“It may be proper to conceal their engagement (if they are engaged) from Mrs. Smith … But this is no excuse for their concealing it from us.” – Elinor Dashwood.

Looking Ahead

By the time I finish the story, will Chapter 14 have been that calm before the storm? The time before which a significant transformational event occured in for Marianne? To quote Willoughby there: “Tell me that not only your house will remain the same, but that I shall ever find you and yours as unchanged as your dwelling…”

Sense and Sensibility 5-7: A Tale of Two Pianofortes

January 4, 2009

I have just read Chapters 5-7 of Sense and Sensibility.

Plot Points

The Mrs Dashwoods leave Norland for their new home at Barton Park, and become engaged in the social scene there, largely at the request of Sir John Middleton, who had arranged the living space. Barton Cottage is not as luxurious as their previous home, but it will do for now, and there exists the possibility of upgrades, as season and monies allow. Enter Sir John, Lady Middleton, Colonel Brandon, and Mrs. Jennings.

Character Commentary

Chapter 5 contains, I believe, the first words spoken by Edward. These, not surprisingly, supplement his status as an admirer of Elinor: “Devonshire! Are you indeed going there? So far from hence!” Marianne’s overly sentimental scene of angst at finally leaving the house in which she’d grown up likewise cements her personality. I am curious about Marianne’s view of Colonel Brandon, who contrasts with the over-enthusiastic (and drunk-like?) Sir John during her pianoforte recital: “He paid her only the compliment of attention; and she felt a respect for him on the occasion which the others had reasonably forfeited by their shameless want of taste. His pleasure in music, though it amounted not to that ecstatic delight which alone could sympathise with her own, was estimable when contrasted against the horrible insensibility of the others;”.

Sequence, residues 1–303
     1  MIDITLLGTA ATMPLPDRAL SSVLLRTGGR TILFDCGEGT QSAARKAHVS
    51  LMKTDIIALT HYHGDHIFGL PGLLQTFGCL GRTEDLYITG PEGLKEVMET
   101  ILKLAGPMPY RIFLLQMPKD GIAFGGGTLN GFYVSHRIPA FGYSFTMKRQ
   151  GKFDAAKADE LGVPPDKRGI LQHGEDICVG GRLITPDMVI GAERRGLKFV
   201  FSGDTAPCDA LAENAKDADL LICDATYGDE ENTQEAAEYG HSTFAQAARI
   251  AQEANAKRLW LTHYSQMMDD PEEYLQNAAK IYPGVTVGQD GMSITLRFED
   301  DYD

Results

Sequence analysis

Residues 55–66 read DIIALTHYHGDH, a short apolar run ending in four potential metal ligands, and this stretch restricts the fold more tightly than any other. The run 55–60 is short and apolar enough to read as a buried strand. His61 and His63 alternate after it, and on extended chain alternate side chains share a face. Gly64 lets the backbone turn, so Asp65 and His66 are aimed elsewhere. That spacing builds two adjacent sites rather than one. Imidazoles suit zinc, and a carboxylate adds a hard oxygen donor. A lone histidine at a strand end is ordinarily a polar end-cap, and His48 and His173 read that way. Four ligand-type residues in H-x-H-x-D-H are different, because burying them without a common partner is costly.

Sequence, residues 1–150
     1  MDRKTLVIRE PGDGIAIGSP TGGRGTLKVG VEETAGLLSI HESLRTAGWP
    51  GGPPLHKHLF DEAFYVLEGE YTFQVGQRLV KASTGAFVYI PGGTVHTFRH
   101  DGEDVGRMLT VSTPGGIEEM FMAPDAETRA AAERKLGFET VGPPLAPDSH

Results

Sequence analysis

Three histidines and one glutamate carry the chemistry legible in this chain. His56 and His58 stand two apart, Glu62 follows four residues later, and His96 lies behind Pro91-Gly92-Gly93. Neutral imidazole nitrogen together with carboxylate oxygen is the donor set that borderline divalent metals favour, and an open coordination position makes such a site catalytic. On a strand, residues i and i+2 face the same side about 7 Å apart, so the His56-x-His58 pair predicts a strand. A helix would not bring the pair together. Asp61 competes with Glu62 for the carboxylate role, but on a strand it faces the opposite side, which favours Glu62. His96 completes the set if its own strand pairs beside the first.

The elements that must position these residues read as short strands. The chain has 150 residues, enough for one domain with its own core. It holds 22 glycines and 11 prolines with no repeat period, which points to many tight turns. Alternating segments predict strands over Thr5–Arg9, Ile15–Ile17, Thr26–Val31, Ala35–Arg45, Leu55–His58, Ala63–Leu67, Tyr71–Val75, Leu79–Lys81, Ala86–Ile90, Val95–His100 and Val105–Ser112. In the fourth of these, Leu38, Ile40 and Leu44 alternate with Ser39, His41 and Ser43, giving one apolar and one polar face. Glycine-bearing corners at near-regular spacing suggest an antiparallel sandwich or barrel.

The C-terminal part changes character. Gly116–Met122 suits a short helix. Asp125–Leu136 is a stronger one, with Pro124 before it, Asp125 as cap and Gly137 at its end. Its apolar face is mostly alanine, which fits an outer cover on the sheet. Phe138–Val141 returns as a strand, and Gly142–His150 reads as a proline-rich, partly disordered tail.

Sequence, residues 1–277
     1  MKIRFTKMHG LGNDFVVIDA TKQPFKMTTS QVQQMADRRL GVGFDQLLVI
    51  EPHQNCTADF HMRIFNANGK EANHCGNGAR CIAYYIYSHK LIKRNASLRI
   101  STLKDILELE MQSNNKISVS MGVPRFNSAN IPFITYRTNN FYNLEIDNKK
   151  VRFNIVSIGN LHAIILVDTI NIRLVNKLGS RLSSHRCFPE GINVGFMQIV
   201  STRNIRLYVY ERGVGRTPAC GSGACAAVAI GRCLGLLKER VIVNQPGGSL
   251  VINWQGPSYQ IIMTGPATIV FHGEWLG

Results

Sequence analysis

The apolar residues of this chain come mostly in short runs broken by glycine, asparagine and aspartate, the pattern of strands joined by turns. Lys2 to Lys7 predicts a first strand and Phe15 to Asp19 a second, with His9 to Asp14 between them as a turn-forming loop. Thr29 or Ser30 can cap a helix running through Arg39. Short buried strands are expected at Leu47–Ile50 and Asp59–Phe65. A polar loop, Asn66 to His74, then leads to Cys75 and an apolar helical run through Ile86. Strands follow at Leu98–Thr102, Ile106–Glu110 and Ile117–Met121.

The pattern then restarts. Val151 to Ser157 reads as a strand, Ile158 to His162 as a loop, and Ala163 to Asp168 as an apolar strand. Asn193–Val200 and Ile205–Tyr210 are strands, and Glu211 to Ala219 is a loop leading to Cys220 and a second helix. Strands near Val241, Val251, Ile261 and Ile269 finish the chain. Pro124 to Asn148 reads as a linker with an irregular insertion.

Sir John Middleton is described as “a good-looking man of about forty. He thrives as a socialite, engaging in revelry whenever possible, seeks new personalities (especially the Dashwoods), and is a hunter. His wife, Lady Middleton, is about 27 years of age (“her face was handsome, her figure tall and striking, and her address graceful”), but is not as much of a conversationalist as Sir John. She concerns herself mainly with their six-year-old son. To quote Austen, “Sir John was a sportsman, Lady Middleton a mother. He hunted and shot, and she humoured her children…”